Thanks. I already figured it was probably not the interrupter magnet, since I so rarely had a problem. The original one I replaced was 100% heat-sensitive, perfect starting except after long runs (over 30 minutes) and never set the check engine light except for one time, it bucked once, the light came on, went off a few seconds later. Five minutes later, I was home and pulled Code 41. I fully expected 34 (MAF) because, well, I've had issues with that earlier this year. The car would always restart if I let her cool down for 20 minutes.

Then I ordered the sensor, paid more for rebuilt than the one I ordered last night on Amazon (which is AC Delco and NEW), and of course, it'* BWD brand (the only one I could get).

I replaced the sensor and didn't have issues for a few days. Even after more highway driving and extended driving/idling/driving cycles to thoroughly heat-soak this new sensor, the car ran flawlessly. Started first time, every time, and I was so happy...

One day, on the way home, the SES light came on again, but only at idle. A few days later, 500 RPM idle at a traffic light, I feather the throttle a tad, and the car stalls. Restarts immediately, drives fine. Now, it'* hit-or-miss whether the car will start, so I've been refueling on my way to work while leaving the car running, since I never knew when it would leave me stranded.

For a while, I had no problem simply turning the key off, then back on when I had a no-start. I immediately thought of my electronics background and thought, being a flaky sensor, it needed to be "reset," in other words, power needed to be completely removed from it before each attempt. It worked reliably this way until yet another snowstorm where my car conveniently finds a way to *NOT* go out in the snow. It was a cheap workaround until payday, when I could get rid of this BWD crap. I've had so many problems with their sensors, in so many cars, that I had to grit my teeth when I ordered the "new" one.

I've run the battery low attempting to start for two days. I gotta put it on to charge... If the 1-chance-in-6 theory proves true, there'* a lot of attempts I'd have to do to average that out. I was under the impression that the car would simply NOT start without the cam signal at startup.

Did I average out my 1-in-6 with all the times it started perfectly and didn't set the SES light? That might be true, it could be coincidence that I had a ton of perfectly successful times with the interrupter being off... But I just had a feeling it was the sensor itself, especially since it originally manifested as a heat-sensitive issue with the previous sensor.

Not discounting your theory... Just kind of doing a stream-of-consciousness thing. Sometimes I'll reread my own posts and it'll spark some other idea to try or theory of operation. It also gives me the opportunity to provide my theories and, if I am incorrect, I can learn from it to think more logically in the future. I've never been officially trained as a mechanic, although I've been employed as one. LOL
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Old 12-15-2013, 06:29 PM   #6
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rock auto and amazon have pretty good deals on delco and delphi stuff, those seem to work the best in gm stuff. the only thing i buy in parts stores anymore is brakes because the shipping kills the deal and its easier to take back if there is an issue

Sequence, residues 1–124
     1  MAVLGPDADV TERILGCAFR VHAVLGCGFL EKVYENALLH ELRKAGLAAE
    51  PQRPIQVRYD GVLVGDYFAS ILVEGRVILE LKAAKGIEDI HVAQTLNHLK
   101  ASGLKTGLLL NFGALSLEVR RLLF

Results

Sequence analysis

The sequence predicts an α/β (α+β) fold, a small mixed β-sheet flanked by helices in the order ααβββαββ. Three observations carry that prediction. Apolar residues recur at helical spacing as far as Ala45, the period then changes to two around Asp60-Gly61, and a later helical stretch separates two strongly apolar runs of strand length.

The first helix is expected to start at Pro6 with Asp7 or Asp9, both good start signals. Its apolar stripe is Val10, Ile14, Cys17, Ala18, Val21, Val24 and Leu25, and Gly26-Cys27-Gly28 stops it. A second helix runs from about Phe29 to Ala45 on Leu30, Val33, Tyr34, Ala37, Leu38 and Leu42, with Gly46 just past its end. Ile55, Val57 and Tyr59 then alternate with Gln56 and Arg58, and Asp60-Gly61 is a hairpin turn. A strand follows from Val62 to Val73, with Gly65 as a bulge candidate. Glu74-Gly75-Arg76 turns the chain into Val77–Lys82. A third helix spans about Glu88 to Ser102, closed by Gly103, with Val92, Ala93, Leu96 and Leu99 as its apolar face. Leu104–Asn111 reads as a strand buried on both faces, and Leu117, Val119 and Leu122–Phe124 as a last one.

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Old 12-15-2013, 09:51 PM   #7
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Also you can check GM Parts online: GM Parts Online - GM Parts Direct
I would only recommend Delco replacement parts when it comes to sensors.
They meet the required specs and I want to keep the car running right the first time.
Anyone with a company account receives good discount on parts at the local dealers, know anyone with an account?
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Old 12-16-2013, 01:45 AM   #8
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Yeah... I think I'm going to stick with AC Delco/Delphi whenever I can. Some parts are more expensive than the other brands, but you DO get what you pay for. When I've had to use AC Delco, I've never had a bad sensor out of the box, and sometimes just the aggravation and wasted gas of bad sensors easily outweighs the higher price of the OEM replacement.

When I had to do the harmonic balancer early this year, I figured why not change the crank sensor while I had the crank pulley off? So I bopped over to Amazon, grabbed an AC Delco NEW crank sensor, and then found the AC Delco front and rear sway bar links dirt freakin' cheap as well, and then I did a tuneup with AC Delco plugs and Autolite wires from the Advance (I've had HORRIBLE issues with their Xact house brand). I figure this summer I'll do another tuneup and then put Accel or AC Delco wires on, and maybe I'll do the conversion from Magnavox to Delco Type-II, since the Delco system is much more reliable (and cheaper to change coil packs!).

Swapping your Magnavox Ignition to the delco Type II system : Performance

My mother even has 168,000 miles (ten years) on an AC Delco refurbished alternator in the Intrigue. And I can't tell you how many stinkin' OEM Delco radios I have hanging around my house that are pretty damn bulletproof (the 80s cassette mechanisms were made by Blaupunkt and would literally run FOREVER). Delco and Delphi just seem to be better-quality products for the most part.
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Old 12-16-2013, 03:32 PM   #9
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Old 12-16-2013, 06:42 PM   #10
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I only ever order parts online, only time I get from a store is if I am offered a discount.